The next line is determined by reading the preceding one. Look at the top line “1.” Reading it, you could say “There is one one.” Looking at the second line, you see “one one.” Looking at the second line you would say “There are two ones.” Read that as “two ones” and you have the third line. Reading the third line, you would say “There is one two and one one” which describes the numbers on line four. The fifth line is determined by reading the fourth line “one one, one two, two ones” or 111221. The fifth line indicates that numbers that are read as digits appear and are grouped by the same digits in that order. The sixth line comes from reading the fifth as “Three ones followed by two twos which are followed by one one” or 312211. Thus, the seventh line would be 13112221, and the eighth line would be 1113213211.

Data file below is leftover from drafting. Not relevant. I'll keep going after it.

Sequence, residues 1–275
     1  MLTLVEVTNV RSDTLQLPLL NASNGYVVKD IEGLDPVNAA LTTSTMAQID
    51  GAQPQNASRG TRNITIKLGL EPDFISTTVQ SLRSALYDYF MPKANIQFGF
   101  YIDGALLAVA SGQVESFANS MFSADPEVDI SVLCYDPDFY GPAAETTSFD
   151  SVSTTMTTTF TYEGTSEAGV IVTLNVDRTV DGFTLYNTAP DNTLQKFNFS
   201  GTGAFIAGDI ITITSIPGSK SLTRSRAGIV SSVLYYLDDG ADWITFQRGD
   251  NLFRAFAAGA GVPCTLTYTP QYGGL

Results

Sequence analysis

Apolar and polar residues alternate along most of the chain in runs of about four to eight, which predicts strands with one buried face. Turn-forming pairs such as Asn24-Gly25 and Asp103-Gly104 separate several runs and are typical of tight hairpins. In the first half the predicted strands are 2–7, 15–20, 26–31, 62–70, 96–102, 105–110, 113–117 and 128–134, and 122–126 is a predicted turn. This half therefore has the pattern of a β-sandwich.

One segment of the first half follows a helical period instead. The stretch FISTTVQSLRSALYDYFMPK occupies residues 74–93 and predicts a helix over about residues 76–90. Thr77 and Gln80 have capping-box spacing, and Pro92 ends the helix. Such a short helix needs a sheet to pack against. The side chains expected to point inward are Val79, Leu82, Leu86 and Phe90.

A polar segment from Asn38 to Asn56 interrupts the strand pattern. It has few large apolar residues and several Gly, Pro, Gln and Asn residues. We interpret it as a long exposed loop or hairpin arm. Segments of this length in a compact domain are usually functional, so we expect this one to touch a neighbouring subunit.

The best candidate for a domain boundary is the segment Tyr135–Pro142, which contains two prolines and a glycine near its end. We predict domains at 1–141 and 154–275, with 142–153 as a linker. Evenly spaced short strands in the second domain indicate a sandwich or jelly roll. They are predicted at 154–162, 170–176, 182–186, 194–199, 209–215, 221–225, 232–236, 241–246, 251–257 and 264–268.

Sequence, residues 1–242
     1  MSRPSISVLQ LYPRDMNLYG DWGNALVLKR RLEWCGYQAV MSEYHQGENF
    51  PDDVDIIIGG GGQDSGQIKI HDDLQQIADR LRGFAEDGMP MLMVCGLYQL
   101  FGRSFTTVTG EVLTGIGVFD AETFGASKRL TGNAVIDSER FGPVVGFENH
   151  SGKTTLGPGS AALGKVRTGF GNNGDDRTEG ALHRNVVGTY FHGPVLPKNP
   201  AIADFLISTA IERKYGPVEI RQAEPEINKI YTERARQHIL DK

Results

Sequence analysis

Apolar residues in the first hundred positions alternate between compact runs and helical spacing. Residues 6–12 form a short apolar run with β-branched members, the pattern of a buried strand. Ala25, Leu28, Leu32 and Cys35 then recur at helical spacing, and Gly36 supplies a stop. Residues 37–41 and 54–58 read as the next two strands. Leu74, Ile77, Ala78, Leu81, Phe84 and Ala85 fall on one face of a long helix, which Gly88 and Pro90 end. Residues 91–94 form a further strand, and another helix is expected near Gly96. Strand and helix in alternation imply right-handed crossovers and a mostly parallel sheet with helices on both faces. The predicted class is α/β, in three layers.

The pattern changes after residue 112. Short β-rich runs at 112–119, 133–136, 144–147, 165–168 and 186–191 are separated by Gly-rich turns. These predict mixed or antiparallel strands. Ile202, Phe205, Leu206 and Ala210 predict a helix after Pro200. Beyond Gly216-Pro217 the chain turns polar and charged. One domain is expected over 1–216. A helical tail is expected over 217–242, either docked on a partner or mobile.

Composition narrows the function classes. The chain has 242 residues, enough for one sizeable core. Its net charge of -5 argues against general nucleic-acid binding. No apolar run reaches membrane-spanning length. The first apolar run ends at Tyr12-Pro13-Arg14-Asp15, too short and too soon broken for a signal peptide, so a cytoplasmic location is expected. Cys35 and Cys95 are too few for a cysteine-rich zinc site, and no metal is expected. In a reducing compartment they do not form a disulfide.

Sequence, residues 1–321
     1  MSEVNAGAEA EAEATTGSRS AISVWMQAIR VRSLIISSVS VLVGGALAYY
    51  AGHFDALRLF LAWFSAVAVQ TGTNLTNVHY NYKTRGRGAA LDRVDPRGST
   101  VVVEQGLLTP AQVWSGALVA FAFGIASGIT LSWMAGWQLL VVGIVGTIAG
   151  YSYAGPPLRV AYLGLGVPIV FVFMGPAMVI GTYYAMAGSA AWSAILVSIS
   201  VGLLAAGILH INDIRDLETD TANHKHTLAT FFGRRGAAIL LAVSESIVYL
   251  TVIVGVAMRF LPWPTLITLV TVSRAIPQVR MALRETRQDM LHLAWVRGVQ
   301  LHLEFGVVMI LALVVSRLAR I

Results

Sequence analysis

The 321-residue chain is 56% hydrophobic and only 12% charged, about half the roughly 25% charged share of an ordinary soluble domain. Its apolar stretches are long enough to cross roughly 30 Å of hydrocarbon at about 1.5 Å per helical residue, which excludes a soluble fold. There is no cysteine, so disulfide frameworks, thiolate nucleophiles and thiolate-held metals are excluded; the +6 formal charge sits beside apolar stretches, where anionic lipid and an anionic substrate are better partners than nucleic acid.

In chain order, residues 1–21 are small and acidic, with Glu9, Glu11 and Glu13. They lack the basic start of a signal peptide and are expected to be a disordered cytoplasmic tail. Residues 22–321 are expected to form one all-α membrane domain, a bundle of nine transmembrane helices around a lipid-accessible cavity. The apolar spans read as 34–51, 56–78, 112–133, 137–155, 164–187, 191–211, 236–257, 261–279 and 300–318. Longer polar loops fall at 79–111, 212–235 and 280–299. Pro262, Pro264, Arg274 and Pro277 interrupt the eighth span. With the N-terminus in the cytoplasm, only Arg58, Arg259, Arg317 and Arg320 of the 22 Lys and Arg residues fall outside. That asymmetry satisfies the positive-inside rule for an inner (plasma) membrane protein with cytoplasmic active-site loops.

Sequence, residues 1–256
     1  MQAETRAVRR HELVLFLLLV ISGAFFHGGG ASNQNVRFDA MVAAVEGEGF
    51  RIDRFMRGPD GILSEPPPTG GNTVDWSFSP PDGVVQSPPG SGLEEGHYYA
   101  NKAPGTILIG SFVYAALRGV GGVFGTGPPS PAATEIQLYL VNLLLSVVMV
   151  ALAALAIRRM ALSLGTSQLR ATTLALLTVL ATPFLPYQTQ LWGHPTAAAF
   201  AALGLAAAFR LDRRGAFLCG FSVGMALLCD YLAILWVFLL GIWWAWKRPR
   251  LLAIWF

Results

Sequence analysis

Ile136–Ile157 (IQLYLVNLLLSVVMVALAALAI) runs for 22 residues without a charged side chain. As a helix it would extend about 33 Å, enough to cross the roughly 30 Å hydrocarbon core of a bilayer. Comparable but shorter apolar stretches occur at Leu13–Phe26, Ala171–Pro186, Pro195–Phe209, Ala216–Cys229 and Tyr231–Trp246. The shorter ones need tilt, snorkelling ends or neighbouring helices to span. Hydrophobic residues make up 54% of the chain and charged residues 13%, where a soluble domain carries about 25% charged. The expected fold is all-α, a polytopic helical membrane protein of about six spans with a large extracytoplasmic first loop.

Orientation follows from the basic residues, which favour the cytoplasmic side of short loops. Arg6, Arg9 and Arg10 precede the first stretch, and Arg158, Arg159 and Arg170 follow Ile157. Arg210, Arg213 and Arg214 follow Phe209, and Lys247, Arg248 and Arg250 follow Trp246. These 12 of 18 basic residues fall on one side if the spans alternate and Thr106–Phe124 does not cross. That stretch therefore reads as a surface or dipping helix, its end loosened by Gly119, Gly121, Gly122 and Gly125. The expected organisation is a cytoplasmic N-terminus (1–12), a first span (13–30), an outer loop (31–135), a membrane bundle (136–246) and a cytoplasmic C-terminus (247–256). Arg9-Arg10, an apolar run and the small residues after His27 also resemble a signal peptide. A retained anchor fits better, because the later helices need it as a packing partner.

### 2. The Letter Mania

Based on the following two groups of letters, place each letter from the following letters in its appropriate group: I, J, K, L:

Group 1: A, E, F, H

Group 2: B, C, D, G

.

## Answer

Answer/solution: Group 1 letters are all straight segments while Group 2 contain curves. So, I, K, and L go into Group 1 while J goes into Group 2.

## Additional Learning Activities

**1. Why are manhole covers round?**

**Extension**

The text discussions and exercises should help you understand why manhole covers are round. They will not fall down the hole (assuming the diameter of the lid is slightly larger than the diameter of the hole). The circle is not the only shape that can serve as a manhole cover. A Reuleaux triangle in Figure 2.1 will work, too.